Saudi ministry asks for $4 bln annually to spend on labor reform

Concerned by high unemployment among Saudi citizens, the government began introducing a series of far-reaching labor reforms in 2011

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Saudi Arabia’s labor ministry is asking the government to spend 14.9 billion riyals ($4.0 billion) annually on labor market reform and steps to move Saudi citizens into private sector jobs, the ministry said in a report.

The figure was contained in the ministry’s annual statistical report for 2013, published on its website. The goal of labor policy is full employment of the Saudi workforce, the report stated.

The 14.9 billion riyal request is not huge compared to the Saudi state budget, which projects spending of 855 billion riyals this year. But it underlines the importance that the government attaches to labor reform, and the way in which the labor ministry’s influence has increased as a result.

“Carrying out employment strategy requires providing the necessary resources to carry out mechanisms within a specific timeframe,” the ministry said.

“Given the extreme importance of this issue, it needs to be quickly submitted to the cabinet for study, as any slowdown would translate into an increase in unemployment and a decrease in productivity and would have a direct negative impact on the national economy.”

Concerned by high unemployment among Saudi citizens and lagging living standards among poorer Saudis, the government began introducing a series of far-reaching labor reforms in 2011, aiming to cut the country’s reliance on relatively low-paid foreign workers and replace some of them with local citizens.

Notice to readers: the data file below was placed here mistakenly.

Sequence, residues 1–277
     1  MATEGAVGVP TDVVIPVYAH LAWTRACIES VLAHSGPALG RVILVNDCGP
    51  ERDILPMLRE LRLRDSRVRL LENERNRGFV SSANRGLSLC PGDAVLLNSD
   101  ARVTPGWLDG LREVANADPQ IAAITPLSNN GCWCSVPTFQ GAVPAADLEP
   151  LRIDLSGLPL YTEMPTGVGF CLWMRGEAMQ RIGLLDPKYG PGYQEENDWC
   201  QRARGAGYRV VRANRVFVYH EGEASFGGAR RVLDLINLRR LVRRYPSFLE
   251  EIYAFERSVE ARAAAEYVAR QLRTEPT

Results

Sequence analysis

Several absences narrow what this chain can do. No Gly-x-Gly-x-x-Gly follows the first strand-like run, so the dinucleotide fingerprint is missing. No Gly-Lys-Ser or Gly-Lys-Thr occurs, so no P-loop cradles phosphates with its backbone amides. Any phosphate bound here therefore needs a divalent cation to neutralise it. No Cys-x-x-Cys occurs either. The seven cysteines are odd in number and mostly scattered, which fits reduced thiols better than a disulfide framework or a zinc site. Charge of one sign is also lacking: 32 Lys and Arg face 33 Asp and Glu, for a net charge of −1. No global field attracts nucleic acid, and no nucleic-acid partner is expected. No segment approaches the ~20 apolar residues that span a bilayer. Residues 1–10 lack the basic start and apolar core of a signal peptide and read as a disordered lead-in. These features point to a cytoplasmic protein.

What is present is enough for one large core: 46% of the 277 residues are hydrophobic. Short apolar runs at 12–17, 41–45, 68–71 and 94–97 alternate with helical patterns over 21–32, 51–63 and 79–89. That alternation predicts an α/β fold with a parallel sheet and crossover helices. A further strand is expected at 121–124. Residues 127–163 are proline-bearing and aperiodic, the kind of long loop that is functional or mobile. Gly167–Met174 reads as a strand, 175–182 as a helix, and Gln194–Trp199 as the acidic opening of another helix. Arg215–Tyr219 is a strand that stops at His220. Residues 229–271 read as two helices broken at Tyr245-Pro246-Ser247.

The reforms include quotas for companies to hire Saudi nationals, levies on firms which employ large numbers of foreigners, and training and unemployment benefits schemes. A crackdown on visa violations last year is estimated to have caused a million foreign workers to leave the country, perhaps a tenth of the foreign population.


The reforms have proved costly for some companies, hitting industries such as construction particularly hard, but the government appears willing to tolerate such costs in the interest of restructuring the economy over the long term.

The ministry’s report said the reforms had achieved initial success, with the number of Saudis working in the private sector rising to about 1.5 million at the end of 2013 from 681,481 people before the reforms began.

The proportion of Saudi nationals employed in the private sector climbed to 15.15 percent last year from 9.9 percent in 2009, it said. Meanwhile, the unemployment rate fell to 11.7 percent at the end of 2013 from 12.1 percent a year earlier.